'Time has stood still for us' say parents of disabled man who died after 'gross failings in care'

Yorkshire parents have paid tribute to their "beloved" son after an inquest found that "gross failings in care" contributed to his death.

Darnell Smith died aged just 22 on November 23, 2022 – 16 days after he was admitted to Royal Hallamshire Hospital in Sheffield. Darnell had sickle cell disease and cerebral palsy, and he was non-verbal and completely dependent on others for his daily needs and medical care.

He was cared for at home by his mum Leila, aged 45, and 45-year-old dad, Errol. The family were supported by medical negligence lawyers at Irwin Mitchell through their son’s inquest.

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At the inquest held earlier this month at Sheffield’s Medico-Legal Centre, senior coroner Tanyka Rawden issued a Prevention for Future Deaths report to Sheffield Teaching Hospitals NHS Foundation Trust, which runs the hospital, stating there was a "missed opportunity" to identify Darnell’s condition was deteriorating.

Darnell Smith pictured with his mum, Leila.Darnell Smith pictured with his mum, Leila.
Darnell Smith pictured with his mum, Leila.

Darnell was taken to hospital at around 1am November 7, 2022, by his parents who suspected he was suffering a sickle cell crisis - a complication where the blood flow is blocked due to cells becoming stuck in a blood vessel – and a respiratory tract infection.

Around 12 hours after Darnell was admitted, his condition deteriorated and he was moved to the critical care unit and placed in an induced coma and put onto a ventilator. He also underwent a blood transfusion.

Dr Daniele Bryden, an intensive care consultant, told the court how Darnell "never got well enough to offer anything other than end of life care", and he passed away on November 23.

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However, it was heard that on his admission to hospital, Darnell’s observations were carried out at 2.16am, and not repeated again until over 12 hours later. This was despite Darnell having an individualised care plan which set out observations should be conducted hourly for a minimum of six hours.

The inquest was told Darnell’s health passport was not in his records and was not available to staff until more than eight-and-a-half hours after his admission.

Recording a narrative conclusion, senior coroner Tanyka Rawden, told the court that Darnell’s observations being taken once in 12 hours amounted to "gross failings in care". She did not record a neglect finding as the coroner was unable to say whether Darnell’s death could have been prevented had appropriate observations been undertaken.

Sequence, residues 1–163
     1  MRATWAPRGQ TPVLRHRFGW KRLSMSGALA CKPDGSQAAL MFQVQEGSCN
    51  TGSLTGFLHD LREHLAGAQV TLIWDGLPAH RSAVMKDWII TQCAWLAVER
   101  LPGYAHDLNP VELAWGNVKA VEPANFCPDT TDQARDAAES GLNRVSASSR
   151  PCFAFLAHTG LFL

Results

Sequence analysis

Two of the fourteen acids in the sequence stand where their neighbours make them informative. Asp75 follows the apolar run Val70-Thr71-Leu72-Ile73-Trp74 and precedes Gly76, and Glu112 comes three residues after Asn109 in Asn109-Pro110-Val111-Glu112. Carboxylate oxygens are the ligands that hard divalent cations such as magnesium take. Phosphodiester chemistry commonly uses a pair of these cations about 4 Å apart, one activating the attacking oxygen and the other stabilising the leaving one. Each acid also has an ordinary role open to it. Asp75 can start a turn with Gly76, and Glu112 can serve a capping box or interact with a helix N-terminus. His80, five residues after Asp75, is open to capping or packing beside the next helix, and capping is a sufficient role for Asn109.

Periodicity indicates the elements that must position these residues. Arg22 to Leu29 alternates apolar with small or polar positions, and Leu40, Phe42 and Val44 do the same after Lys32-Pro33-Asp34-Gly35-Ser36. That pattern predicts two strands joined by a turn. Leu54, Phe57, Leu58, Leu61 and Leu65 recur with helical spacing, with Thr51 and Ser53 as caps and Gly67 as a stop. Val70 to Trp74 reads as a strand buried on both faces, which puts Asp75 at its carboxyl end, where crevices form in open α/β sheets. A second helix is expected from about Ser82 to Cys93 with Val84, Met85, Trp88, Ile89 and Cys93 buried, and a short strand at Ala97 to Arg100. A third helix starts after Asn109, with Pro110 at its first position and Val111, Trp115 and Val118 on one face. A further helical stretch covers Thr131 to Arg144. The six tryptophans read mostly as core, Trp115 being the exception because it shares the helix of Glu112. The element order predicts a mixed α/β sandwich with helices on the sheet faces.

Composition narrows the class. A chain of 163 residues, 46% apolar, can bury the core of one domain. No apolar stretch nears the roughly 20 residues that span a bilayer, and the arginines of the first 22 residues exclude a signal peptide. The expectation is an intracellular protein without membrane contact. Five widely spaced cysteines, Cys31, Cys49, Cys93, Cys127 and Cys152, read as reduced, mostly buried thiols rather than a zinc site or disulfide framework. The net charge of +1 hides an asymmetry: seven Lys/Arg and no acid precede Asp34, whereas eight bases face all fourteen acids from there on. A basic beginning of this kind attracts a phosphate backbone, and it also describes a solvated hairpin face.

Ms Rawden said that despite a warning 'flag' being present on computerised records alerting staff to Darnell’s individualised care plan, it was hard to locate in the records, and was not considered during his admission.

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She added that "individualised care plans are crucial to a patient's care and it is my view that without knowledge or sight of them by treating clinicians there is a real risk of further deaths."

An internal investigation report from Sheffield Teaching Hospitals Trust found that Darnell’s observations were only taken once in 12 hours due to "communication lapses" between staff members not knowing where to find his sickle cell care plan, and also between staff members and Darnell’s family, for which the Trust apologised.

It also identified "several opportunities" where communication could be improved. It recommended the implementation of a training package for sickle cell disease and a steering group for shared learning around complex patients.

After the hearing, parents Leila and Errol said: "To this day, we still can’t accept that Darnell’s not here anymore. He was our beloved boy and our lives were dedicated to looking after him. There’s not a day goes by when we don’t miss him.

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"It feels like time has stood still since we lost Darnell, particularly because we had so many questions over what happened. The inquest has been really tough but at least we now have some answers.

"Sickle cell disease is a complex condition and we feel like there’s still not enough known about it and how to care for someone living with it, particularly those who also have learning difficulties like Darnell did.

"And while we know that nothing will ever bring Darnell back, we just hope that his death isn’t in vain and medical staff will endeavour to undertake the training required to help improve patient safety for those with sickle cell disease."

Dr Jennifer Hill, medical director, Sheffield Teaching Hospitals NHS Foundation Trust, said: "I would like to apologise again that we did not carry out Darnell’s observations as frequently as we should have done, and that his individualised care plan was not immediately visible to staff.

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"I know that we cannot take away the pain that Darnell’s family are feeling, but I hope that I can reassure them that we have learnt from this and are taking actions to limit the chances of this happening again. We are implementing a new electronic patient care record system this year which will make all of our patients records more readily accessible for staff to take into account when delivering care."

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